I’m not proud to admit that most of the time my spiritual life is dictated by my feelings.  Hence, it has often ebbed and flowed according to the fickleness of my emotions.  However, as of late, my feelings have become such that are incompatible with my faith in God.  This time, I can’t just ride them out.  I am required to take deliberate action against my emotions and “take every thought captive.”  When you’ve been accustomed to being guided by your feelings like I have, this is no fun thing nor is it easy.

Feeling Betrayed

If you’ve experienced unexpected loss or a jarring halt in life plans, you may relate to the feeling I’ve been living under this month, and that is of betrayal.  Betrayal by God that is.  Even in typing those words, I know them to be false!  However, that sense is so powerful and destructive.  It’s easy to look at circumstances in life and assess that God is not acting like the good father who gives his child bread when she asks but rather the one who gives a stone.  This is where another lie is propagated as well.  It is the lie that I can discern truth by observation of my life.  While there may be times this has some merit, it is by no means the norm.  We are but seeing “through a glass darkly” right now.

In my head, I know that God does not betray. I know that he is the Good Father. I know that he sacrificed so much for us sinners.  Thus, I speak these truths to myself when the feeling of betrayal mounts within my heart.  I still pray, practicing my faith even thought I don’t sense its power.  This is good, but I want more.  I want my feelings to change!

Looking to Scripture

I have found turning to examples in the Bible to be the greatest corrective balm to my divergent emotions.  Thank you, God, for including the life stories of so many who have gone before us!  The story that immediately comes to mind is that of Joseph—Old Testament Joseph.  This is the boy who had the dreams—dreams from God!  This is the boy who was sold into slavery and separated from his father and family.  This is the young man falsely accused of rape and thrown into jail.  This is the young man who sat in that dark jail in a foreign land for years!  Years of isolation. Years of silence from God. Years promising a hopeless future.  Then, when he illustrated his faithfulness to God in interpreting the baker’s and cupbearer’s dreams, he was once again forgotten and left in jail for a couple more years.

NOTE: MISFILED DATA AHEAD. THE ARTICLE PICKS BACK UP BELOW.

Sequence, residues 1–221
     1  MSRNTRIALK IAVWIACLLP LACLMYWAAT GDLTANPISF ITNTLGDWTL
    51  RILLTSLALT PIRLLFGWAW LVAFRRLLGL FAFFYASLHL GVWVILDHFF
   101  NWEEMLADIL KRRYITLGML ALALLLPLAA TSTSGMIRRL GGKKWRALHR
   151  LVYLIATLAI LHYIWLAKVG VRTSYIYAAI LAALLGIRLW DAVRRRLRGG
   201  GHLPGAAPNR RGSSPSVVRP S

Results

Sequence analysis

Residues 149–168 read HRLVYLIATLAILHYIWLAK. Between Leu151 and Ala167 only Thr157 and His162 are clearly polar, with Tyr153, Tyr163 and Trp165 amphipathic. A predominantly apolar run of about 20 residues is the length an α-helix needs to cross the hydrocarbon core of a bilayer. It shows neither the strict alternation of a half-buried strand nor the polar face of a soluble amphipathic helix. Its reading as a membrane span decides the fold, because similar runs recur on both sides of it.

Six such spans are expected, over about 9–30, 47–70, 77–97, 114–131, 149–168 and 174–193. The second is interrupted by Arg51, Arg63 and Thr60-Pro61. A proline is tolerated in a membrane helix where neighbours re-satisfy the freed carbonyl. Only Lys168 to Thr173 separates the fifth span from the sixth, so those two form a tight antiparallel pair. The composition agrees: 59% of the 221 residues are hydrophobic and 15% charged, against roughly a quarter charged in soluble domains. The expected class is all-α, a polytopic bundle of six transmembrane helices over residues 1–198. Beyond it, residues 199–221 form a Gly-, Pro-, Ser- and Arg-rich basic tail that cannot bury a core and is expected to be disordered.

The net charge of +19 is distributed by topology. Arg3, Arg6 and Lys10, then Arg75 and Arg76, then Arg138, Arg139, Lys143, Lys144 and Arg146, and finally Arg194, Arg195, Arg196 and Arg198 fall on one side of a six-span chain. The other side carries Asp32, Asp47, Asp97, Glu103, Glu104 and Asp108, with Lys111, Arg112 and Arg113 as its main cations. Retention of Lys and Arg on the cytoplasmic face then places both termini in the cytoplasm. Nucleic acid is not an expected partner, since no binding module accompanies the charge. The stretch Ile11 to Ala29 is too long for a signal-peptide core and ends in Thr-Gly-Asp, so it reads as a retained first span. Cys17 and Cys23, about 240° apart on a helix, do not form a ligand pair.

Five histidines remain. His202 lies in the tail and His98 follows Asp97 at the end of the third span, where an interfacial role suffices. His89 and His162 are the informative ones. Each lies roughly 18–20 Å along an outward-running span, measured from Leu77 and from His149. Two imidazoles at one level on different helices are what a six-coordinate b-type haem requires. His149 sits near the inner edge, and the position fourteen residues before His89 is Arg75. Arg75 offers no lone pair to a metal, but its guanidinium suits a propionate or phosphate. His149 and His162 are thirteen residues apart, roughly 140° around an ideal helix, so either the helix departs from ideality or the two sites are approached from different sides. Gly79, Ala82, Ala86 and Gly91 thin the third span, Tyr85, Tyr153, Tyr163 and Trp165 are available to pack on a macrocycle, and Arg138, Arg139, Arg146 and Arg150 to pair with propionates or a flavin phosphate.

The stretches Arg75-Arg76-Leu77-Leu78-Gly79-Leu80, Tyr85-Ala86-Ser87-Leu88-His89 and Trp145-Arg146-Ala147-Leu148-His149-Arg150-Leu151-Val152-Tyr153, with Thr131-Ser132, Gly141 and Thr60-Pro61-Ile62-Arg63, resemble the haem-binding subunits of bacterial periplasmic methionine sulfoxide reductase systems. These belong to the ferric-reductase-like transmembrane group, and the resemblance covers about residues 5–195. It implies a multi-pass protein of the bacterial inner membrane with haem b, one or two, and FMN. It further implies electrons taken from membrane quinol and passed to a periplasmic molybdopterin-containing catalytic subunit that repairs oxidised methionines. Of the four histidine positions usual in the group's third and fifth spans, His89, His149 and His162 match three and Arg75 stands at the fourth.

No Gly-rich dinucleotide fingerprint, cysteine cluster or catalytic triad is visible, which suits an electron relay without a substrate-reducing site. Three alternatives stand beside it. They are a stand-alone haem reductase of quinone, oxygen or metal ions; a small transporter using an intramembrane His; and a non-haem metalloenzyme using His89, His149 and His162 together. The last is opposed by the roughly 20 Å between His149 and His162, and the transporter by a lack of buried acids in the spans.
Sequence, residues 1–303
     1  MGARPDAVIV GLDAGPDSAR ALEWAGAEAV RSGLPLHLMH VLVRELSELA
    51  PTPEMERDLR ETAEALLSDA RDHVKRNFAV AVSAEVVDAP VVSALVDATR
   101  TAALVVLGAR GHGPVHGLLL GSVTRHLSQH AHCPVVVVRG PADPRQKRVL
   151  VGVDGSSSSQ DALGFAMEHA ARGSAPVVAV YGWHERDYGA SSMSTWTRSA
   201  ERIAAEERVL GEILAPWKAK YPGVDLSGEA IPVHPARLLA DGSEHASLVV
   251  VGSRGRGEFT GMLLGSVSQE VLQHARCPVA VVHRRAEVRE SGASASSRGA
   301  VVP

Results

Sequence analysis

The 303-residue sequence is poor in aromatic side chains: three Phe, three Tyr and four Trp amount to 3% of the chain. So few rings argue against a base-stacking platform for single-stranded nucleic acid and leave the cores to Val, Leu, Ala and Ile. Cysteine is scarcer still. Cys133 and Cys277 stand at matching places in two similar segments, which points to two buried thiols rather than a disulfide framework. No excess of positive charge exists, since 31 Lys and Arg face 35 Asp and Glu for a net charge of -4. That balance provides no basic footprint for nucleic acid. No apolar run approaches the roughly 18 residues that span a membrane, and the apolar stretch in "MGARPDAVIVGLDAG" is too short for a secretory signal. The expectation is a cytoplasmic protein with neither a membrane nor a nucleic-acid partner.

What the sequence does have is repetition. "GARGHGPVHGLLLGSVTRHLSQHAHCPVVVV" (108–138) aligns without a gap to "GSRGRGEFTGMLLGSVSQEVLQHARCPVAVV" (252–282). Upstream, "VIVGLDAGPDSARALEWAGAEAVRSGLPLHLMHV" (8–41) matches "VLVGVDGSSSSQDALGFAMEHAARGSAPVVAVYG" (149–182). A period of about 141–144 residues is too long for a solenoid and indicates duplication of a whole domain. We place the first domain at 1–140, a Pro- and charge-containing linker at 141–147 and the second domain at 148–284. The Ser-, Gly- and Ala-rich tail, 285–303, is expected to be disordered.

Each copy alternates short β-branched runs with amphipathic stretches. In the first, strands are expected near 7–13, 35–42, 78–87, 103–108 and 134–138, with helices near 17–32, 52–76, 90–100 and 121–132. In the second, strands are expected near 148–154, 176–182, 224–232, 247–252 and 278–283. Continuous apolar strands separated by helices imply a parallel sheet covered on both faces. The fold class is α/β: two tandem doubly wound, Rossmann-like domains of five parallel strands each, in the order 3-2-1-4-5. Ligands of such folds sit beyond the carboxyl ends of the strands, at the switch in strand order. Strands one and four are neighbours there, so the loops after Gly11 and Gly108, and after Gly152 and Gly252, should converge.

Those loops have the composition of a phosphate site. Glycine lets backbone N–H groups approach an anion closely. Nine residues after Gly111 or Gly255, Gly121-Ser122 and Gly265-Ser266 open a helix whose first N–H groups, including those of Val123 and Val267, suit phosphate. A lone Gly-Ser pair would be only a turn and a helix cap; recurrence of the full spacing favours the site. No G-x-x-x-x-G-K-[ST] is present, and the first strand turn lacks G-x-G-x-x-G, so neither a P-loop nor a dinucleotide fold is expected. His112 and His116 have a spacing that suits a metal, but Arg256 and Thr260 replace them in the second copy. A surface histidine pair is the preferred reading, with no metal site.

I expect Joseph must have felt the feeling of betrayal not just from his brothers, not just from Potiphar’s wife, but also from God.  If he had interpreted the merit of his life solely upon his present circumstances, he could have easily assumed God did not have his good in mind.  As the story unfolds, we see how God had not forgotten Joseph nor had he forgotten the dreams he gave Joseph.  God was waiting until the timing was right for Joseph to save his family and all of Egypt from famine.  God exalted Joseph from the humble jail to the glorious palace.  God knew the greater plan at work.  No matter what he may have felt, Joseph remained faithful in the dark and was able to see God’s plan unfold later in the light.

The next account I turn to in Scripture is in the New Testament, and for me in combating my feelings, this story is even more powerful than Joseph’s.  This account centers on Jesus.  Jesus, God’s Son, the perfect one, experienced the feeling of betrayal too.  He was betrayed by Judas Iscariot, betrayed by his people who had only days earlier exalted his entry into Jerusalem, and forsaken by God.  In the garden before his arrest, Jesus prayed for his cup to pass.  He did not want to suffer on the cross, and he begged his Father for another way.  However, there was no other way.